“Lisp is a programmable programming language.”
— John Foderaro, CACM, September 1991
Here’s my view:
On the surface, Lisp is a nice, simple functional programming language. There’s almost no syntax, and all the pieces fit together in logical ways.
If you dig a little deeper, read SICP, and write a metacircular evaluator, you discover two things: One, the whole interpreter (given just a few primitives) is just barely a page of code, and two, the relationship between code and data allows for elegant programming techniques.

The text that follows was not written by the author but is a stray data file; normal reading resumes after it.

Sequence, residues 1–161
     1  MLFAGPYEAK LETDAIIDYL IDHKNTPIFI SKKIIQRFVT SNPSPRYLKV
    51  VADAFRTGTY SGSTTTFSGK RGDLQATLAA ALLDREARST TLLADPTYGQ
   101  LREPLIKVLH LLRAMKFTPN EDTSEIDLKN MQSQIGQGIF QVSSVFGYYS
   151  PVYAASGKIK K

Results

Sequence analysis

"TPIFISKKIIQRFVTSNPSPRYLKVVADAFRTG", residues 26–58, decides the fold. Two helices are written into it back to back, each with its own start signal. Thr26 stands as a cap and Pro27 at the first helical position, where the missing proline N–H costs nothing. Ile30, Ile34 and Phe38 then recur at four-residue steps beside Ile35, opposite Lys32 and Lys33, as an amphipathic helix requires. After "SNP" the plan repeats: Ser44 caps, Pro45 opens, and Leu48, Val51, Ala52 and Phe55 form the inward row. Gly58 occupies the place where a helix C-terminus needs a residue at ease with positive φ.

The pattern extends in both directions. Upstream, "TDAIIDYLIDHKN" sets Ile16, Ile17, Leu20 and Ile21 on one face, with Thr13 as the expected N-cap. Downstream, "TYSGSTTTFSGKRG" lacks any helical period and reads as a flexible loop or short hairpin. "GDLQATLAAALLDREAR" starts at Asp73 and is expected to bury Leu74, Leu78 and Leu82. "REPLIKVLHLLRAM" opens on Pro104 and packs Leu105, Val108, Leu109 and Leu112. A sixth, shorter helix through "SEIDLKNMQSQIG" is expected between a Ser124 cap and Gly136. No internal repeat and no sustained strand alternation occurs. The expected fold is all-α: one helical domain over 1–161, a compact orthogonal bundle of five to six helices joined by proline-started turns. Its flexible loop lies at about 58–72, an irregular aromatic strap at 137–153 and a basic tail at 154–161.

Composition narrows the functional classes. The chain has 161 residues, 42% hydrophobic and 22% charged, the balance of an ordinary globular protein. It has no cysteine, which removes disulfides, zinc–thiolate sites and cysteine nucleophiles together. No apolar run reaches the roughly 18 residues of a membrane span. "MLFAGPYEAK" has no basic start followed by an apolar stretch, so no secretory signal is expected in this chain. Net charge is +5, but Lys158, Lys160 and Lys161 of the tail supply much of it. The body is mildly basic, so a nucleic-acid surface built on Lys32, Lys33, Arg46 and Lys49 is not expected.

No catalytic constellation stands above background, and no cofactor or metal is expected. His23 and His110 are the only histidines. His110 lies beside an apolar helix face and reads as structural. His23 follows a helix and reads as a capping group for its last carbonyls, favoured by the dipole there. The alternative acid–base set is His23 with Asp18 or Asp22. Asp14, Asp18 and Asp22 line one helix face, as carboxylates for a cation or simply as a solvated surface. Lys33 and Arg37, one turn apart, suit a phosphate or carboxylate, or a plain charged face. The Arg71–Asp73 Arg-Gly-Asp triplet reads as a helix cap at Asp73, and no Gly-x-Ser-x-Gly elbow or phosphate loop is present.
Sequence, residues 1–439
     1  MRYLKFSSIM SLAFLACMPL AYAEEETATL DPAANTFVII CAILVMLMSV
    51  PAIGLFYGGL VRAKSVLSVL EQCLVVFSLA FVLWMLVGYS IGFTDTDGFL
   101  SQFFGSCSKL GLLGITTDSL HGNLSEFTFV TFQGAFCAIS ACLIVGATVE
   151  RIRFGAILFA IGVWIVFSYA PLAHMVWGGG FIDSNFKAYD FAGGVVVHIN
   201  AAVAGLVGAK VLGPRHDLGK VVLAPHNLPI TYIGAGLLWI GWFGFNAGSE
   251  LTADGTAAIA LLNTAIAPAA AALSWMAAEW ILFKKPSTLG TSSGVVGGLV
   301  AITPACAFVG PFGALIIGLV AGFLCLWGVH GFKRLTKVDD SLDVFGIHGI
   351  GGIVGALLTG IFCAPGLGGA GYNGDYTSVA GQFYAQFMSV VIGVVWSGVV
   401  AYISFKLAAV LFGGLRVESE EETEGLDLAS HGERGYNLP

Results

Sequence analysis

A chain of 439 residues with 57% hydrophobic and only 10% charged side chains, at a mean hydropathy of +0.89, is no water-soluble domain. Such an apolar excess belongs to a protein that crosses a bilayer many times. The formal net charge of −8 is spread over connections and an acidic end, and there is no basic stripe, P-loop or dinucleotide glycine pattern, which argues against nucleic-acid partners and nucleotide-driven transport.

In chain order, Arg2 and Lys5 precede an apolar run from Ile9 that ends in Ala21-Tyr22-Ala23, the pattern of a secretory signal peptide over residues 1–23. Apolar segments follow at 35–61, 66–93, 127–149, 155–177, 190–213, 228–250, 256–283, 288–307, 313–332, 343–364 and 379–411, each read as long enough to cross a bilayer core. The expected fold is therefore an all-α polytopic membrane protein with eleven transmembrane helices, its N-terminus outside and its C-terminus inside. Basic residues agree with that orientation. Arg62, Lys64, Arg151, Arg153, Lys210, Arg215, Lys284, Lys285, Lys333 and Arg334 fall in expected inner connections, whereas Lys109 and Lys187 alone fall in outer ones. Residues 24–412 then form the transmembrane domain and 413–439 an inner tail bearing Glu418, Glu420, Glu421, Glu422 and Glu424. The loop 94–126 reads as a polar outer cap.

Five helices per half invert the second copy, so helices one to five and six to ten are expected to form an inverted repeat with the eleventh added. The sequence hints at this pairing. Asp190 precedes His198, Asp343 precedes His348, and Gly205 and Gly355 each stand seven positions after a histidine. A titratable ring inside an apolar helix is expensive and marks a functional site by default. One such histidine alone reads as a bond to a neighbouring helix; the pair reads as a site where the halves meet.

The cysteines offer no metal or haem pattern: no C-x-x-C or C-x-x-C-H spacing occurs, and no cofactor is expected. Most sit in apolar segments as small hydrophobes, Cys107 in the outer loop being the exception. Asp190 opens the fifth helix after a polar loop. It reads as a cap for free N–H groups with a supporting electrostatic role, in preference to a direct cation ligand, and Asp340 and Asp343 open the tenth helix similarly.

Once you’ve fully absorbed this, it feels like other languages are set in stone when they only allow you to say a few things. Lisp can build any abstraction at all if you can define syntax and semantics for it.
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